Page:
Numerical root-finding methods use iteration, producing a sequence of numbers that hopefully converge towards a limit (the so called "fixed point") which is a root. The first values of this series are initial guesses. The method computes subsequent values based on the old ones and the function f.
The bisection method is based on the fact that a function will alter sign when it passes through zero. The bisection method can halve the size of the interval in each iteration and eventually find the root by evaluating the function at the middle of an interval and replacing whichever limit has the same sign.
False position method is an algorithm of the prior estimate for which the function value has opposite sign from the function value at the current best estimate of the root. In this method, the root is bracketed. Similar to the secant method, the false position method also uses a straight line to approximate the function in the local region of interest.
The secant method is based on the assumption that the function is approximately linear in the local region of interest and uses the zero-crossing of the line connecting the limits of the interval as the new reference point. The next iteration starts from evaluation of the function at the new reference point, and then it forms another line. The process is repeated up to the time of finding root.
The Newton-Raphson method finds the slope (the tangent line) of the function at the current ...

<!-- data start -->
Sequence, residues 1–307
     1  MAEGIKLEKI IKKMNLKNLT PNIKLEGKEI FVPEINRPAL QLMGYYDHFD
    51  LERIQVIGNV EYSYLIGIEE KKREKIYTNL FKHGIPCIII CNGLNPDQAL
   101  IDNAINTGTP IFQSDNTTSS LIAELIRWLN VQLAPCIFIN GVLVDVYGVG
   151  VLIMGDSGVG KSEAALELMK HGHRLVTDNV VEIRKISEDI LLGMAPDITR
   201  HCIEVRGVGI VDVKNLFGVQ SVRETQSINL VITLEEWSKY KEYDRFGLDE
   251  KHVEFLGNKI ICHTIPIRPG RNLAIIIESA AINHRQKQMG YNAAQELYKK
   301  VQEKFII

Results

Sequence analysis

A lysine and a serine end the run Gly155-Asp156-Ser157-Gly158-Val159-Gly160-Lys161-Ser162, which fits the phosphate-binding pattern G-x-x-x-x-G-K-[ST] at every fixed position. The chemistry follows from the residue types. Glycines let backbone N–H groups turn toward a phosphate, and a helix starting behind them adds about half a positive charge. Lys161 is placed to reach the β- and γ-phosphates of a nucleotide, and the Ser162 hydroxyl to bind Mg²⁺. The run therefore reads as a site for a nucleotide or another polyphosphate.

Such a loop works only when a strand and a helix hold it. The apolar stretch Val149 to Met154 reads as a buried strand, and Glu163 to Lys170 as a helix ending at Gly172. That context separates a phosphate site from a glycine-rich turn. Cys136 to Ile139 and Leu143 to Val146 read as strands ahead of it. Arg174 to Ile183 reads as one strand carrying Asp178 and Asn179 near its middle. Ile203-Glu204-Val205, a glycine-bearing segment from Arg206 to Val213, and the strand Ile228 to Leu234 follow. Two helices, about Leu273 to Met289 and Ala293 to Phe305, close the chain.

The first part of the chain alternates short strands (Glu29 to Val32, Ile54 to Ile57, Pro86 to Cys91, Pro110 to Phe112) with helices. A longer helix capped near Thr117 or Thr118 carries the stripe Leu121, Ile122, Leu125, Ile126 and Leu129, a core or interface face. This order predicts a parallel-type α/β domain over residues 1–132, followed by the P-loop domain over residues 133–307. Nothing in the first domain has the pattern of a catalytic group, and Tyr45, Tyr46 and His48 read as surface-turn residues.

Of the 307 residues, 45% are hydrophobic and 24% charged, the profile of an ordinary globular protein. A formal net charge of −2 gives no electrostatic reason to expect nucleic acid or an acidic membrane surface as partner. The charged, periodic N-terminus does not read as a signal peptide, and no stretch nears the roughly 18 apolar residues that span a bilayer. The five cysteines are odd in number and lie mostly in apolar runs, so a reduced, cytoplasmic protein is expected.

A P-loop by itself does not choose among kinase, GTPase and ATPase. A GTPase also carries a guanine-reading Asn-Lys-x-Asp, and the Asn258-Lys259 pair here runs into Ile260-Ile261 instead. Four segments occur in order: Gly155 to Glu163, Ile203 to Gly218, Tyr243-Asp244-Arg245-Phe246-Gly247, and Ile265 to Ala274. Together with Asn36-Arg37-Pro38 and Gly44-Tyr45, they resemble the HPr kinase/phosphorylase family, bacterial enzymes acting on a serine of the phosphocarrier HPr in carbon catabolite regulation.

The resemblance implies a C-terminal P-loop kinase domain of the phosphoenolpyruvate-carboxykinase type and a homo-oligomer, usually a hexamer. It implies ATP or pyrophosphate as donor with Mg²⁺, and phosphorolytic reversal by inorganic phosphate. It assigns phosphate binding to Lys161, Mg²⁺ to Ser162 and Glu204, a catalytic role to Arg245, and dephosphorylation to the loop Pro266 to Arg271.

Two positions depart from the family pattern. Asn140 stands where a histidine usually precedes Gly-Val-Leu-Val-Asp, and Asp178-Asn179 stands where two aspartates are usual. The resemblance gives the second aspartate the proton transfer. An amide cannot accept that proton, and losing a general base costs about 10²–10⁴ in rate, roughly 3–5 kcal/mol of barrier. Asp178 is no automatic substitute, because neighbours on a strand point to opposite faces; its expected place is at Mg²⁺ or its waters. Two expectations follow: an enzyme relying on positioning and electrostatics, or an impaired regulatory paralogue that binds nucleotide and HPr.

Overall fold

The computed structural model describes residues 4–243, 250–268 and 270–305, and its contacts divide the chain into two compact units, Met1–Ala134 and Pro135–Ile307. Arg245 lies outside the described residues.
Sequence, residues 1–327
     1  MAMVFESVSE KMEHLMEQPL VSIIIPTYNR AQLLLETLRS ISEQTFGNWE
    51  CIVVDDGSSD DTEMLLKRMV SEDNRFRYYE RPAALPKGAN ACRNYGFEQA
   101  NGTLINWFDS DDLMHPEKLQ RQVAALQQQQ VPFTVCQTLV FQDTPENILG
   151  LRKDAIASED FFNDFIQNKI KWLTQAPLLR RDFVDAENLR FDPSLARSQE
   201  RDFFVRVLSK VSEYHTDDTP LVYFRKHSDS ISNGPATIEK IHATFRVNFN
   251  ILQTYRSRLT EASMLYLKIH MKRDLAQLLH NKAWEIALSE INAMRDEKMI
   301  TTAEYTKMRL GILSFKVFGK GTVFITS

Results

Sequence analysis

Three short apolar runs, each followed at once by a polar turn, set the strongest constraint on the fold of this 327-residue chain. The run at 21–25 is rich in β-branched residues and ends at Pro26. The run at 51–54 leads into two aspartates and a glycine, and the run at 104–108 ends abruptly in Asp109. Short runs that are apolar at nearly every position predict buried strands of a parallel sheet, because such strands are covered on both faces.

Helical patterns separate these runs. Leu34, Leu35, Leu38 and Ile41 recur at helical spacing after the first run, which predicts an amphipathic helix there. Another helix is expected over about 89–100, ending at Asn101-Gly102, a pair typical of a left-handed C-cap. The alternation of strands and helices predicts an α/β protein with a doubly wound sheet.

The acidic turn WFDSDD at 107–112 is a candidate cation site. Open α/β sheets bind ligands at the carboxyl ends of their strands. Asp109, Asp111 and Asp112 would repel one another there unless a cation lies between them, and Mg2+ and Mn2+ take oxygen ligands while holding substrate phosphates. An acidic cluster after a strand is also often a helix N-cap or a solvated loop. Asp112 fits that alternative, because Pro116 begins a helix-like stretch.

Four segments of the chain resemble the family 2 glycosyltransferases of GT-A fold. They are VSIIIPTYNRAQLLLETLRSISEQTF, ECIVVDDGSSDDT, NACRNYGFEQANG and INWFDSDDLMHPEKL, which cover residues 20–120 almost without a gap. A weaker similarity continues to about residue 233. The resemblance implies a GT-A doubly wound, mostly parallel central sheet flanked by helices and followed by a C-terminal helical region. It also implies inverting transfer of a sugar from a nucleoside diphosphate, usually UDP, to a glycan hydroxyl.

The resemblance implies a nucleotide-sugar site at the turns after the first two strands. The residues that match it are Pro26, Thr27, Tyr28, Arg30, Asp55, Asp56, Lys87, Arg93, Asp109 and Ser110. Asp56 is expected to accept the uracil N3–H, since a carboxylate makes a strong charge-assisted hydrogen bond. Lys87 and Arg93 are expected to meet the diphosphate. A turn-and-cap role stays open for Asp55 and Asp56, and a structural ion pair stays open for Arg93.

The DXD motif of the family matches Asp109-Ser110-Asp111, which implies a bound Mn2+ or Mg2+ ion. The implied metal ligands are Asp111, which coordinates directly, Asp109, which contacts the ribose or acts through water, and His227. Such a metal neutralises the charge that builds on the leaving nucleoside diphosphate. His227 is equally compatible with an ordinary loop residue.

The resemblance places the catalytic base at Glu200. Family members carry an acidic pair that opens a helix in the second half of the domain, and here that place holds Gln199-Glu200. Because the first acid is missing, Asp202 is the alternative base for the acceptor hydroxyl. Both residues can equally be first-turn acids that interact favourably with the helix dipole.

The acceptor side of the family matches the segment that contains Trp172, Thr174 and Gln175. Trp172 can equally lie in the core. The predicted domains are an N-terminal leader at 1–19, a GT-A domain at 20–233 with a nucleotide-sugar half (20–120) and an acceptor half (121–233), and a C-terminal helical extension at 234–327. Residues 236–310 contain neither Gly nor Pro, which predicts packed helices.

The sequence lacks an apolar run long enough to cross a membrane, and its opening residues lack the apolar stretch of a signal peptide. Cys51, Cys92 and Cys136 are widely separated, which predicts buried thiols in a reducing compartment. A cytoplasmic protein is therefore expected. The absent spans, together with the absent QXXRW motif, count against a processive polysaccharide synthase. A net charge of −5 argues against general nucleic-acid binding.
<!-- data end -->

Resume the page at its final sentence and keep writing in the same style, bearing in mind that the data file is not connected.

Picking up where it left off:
The process is repeated until the root is found.
5. Fixed Point Iteration:
It is a method of computing fixed points of iterated functions. For example, given that a function f defined on the real numbers having real values and given a point x0 in the domain of f, the fixed point iteration is
which gives rise to the sequence which is hoped to converge to a point x. If f is continuous, then one can prove that the obtained x is a fixed point of f, i.e., f(x) = x.
6. Muller's Method:
Muller's method is generalized from the secant method, in the sense that it does not require the derivative of the function. It is an iterative method that needs three starting points, , and .A parabola is constructed that passes through the three points; then the quadratic formula is used to find a root of the quadratic for the next approximation.The following equation generalizes the secant method of root finding by using quadratic 3-point interpolation :
Then the following is defined :
The next iteration is described by this equation:
Abramowitz, M. and Stegun, I.A. (Eds). Handbook of Mathematical Functions with formulas, Graphs, and Mathematical Tables, 9th